After a soft launch phase and a pre-registration campaign, FourthThirtyThree’s Boxing Star has arrived, letting Android gamers around the world step into the ring. With sharp visuals, a fun soundtrack and easy to learn controls, the game has a lot going for it. However some design decisions hold it back.
At its core, Boxing Star is a Punch-Out!!-esque game that is all about dodging your opponent’s attacks and waiting for an opening. Though it’s definitely less about pattern recognition than Nintendo’s classic. Players can dodge left or right to avoid their opponent’s punches, giving themselves an opportunity to counter-punch with their own jabs, straights, hooks, and uppercuts. Dodging and blocking are handled with virtual buttons while punches use touchscreen gestures. It generally feels like an evolution of the control scheme used in Real Boxing.
The controls work quite well. The touchscreen gestures are responsive enough that players shouldn’t get the impression that their character is doing something other than what they were tasked with. As players go up against stronger opponents they will likely find that dodging becomes increasingly difficult as opponents mix up their punches, and it makes for a nice difficulty curve for early on.
Boxing Star can be broken up into two components. A story mode that has players go from one location to the next beating up local boxers and rising up the ranks, and a league mode that pits players against AI controlled version of other players. The story mode doesn’t have much of a story but it does a good job of matching up the player with a wide range of fighters. League play will have players up against opponents with similar league rankings, but not necessarily similar ability or stats.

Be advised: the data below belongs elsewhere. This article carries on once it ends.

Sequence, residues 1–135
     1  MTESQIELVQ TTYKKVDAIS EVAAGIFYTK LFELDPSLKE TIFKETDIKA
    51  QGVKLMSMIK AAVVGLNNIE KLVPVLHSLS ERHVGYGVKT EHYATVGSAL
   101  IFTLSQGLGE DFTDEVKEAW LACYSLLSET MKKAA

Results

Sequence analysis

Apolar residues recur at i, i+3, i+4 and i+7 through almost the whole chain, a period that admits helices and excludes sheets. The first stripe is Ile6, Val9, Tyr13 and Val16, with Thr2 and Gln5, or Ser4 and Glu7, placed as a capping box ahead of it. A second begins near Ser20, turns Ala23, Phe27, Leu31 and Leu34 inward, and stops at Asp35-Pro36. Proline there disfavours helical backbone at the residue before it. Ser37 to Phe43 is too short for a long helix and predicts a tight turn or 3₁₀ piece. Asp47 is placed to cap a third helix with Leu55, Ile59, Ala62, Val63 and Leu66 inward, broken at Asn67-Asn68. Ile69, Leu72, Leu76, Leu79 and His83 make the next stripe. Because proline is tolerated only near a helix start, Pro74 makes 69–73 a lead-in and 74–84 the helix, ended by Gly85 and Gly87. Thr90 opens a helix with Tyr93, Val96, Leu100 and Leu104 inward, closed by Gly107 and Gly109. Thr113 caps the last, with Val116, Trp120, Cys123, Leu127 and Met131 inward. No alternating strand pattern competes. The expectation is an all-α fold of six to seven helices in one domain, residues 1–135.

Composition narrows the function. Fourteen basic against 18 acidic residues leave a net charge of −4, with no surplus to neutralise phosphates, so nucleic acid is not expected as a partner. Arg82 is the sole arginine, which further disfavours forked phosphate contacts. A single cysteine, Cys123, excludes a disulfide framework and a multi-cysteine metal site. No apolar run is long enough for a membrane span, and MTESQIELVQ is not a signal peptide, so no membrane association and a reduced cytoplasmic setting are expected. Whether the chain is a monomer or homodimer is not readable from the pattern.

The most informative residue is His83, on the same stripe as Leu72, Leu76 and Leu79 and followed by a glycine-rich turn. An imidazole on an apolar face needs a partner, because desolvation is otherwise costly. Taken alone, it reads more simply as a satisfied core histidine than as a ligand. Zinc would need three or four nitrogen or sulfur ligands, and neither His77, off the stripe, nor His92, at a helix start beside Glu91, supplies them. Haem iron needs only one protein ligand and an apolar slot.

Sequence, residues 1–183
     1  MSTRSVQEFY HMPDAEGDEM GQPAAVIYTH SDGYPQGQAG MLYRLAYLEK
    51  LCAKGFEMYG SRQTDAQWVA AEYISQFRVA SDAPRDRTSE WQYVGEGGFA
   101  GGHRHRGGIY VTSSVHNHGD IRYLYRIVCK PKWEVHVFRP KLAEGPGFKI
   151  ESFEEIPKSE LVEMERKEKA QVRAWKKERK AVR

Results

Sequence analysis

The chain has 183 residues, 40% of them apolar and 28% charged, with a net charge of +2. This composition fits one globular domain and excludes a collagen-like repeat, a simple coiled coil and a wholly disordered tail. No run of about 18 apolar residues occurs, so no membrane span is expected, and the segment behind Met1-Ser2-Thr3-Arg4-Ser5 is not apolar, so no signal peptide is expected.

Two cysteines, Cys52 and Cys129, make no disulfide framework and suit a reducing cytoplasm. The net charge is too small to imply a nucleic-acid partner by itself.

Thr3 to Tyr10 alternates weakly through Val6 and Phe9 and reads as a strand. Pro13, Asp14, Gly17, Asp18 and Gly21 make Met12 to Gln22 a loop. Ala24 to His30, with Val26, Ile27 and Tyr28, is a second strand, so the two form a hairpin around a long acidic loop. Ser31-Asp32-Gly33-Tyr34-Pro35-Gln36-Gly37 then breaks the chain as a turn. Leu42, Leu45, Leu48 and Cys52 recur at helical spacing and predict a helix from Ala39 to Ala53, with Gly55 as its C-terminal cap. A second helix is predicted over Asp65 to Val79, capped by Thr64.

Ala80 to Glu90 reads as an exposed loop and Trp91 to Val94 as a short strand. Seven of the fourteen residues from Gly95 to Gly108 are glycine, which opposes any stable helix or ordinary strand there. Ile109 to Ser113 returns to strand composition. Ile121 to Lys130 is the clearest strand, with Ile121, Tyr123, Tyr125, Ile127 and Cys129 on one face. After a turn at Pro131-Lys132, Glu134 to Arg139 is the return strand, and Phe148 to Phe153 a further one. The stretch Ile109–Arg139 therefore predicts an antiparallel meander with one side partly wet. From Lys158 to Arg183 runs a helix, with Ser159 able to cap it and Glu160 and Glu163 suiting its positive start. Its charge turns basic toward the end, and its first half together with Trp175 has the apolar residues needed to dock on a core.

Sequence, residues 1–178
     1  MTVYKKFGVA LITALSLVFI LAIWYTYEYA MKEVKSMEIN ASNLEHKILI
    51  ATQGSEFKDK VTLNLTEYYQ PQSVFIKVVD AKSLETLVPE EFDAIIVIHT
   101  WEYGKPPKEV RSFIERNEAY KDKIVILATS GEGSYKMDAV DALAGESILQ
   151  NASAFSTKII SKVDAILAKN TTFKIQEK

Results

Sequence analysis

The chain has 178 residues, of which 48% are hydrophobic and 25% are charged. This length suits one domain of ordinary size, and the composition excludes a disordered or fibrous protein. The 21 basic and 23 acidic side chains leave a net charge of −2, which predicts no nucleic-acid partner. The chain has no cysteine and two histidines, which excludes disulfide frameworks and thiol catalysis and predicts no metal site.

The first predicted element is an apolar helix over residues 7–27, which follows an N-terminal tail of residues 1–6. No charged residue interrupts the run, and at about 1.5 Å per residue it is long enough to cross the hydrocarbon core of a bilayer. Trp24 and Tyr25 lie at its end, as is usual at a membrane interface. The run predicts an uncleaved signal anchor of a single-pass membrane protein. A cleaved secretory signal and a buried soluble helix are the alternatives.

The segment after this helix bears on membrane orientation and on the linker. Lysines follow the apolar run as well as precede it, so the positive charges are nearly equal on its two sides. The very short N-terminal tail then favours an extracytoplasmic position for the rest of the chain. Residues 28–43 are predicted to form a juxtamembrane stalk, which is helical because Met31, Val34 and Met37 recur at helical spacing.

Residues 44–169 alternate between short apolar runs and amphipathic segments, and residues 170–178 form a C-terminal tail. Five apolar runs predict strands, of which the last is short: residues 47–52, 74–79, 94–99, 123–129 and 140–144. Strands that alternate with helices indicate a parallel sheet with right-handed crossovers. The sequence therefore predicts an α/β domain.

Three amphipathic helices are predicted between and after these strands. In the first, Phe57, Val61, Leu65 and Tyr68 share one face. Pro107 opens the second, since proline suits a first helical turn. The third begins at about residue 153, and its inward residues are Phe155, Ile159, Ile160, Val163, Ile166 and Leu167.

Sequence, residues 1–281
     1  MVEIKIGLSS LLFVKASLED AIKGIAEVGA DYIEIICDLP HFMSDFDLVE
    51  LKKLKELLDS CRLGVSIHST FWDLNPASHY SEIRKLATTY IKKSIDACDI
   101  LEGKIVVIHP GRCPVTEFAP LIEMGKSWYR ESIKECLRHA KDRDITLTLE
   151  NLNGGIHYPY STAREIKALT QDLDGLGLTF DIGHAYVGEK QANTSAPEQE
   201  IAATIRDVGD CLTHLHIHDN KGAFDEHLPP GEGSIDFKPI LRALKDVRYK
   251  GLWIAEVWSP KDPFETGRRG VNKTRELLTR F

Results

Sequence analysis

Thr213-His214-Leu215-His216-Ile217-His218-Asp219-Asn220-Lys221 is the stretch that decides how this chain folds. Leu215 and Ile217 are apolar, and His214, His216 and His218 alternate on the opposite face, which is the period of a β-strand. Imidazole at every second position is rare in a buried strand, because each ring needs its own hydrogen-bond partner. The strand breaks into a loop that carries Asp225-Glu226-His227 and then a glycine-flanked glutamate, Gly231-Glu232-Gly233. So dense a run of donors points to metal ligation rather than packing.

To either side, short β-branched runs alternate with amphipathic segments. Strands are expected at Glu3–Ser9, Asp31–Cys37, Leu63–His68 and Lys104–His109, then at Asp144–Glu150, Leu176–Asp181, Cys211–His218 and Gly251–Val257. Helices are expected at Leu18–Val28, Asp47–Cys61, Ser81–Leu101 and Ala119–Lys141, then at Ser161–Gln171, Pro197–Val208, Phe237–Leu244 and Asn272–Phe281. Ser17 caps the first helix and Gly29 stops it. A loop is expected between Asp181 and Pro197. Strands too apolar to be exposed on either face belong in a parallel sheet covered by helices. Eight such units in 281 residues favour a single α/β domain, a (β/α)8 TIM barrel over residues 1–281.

The problem is that as you progress you begin to encounter players and story mode fighters that may as well be unbeatable without significant gear, skill or level upgrades. Going up against an opponent with nearly twice as much health as you quickly begins to feel more unfair than challenging.
Players who want to dominate can easily pick up lots of gear using the game’s loot crate related in app purchases. While that’s fine by mobile gaming standards, the game takes things a step further by letting players buy boosts and unlock skill slots. Even worse, after being knocked down, players are given the option to stand back up instantly for a little bit of premium currency. That being said, in app purchases are not as big of an issue her as they are in Real Boxing.
The game’s aggressive monitization, Boxing Star’s lack of offline play, and the absence of true multiplayer can sometimes overshadow a lot of what the game does right. The game’s hip-hop soundtrack is a delight and complements the overall atmosphere as players acquire new clothes and swag that decorates game’s home screen. The fighting itself can be viscerally satisfying when punches land just right and you can see the fight take its toll on the faces of both you and your opponent.
Of note is the active development of the game. Since its soft launch there have been numerous tweeks, balance changes and even a few major additions. As part of the game’s global launch patch, the game added clans, a new equipment mechanic and added optional ads.
Overall Boxing Star is a lot of fun and overcoming a tough opponent in a close match can be extremely satisfying. The aggressive monetization and difficulty spikes give paying players an important edge in the game that is difficult to overcome with skill alone, and will prevent most free to play users from rising to the top of the game’s leagues. Of course that doesn’t prevent everyone from having some fun with a few bouts a day, but it will likely keep it from being a go-to game for gamers looking for a competitive gaming fix. Looking at the current landscape, it’s very likely that Boxing Star is the best mobile boxing game out there.
Boxing Star is free and contains in app purchases.
Interested? Check out the new boxing game on Google Play.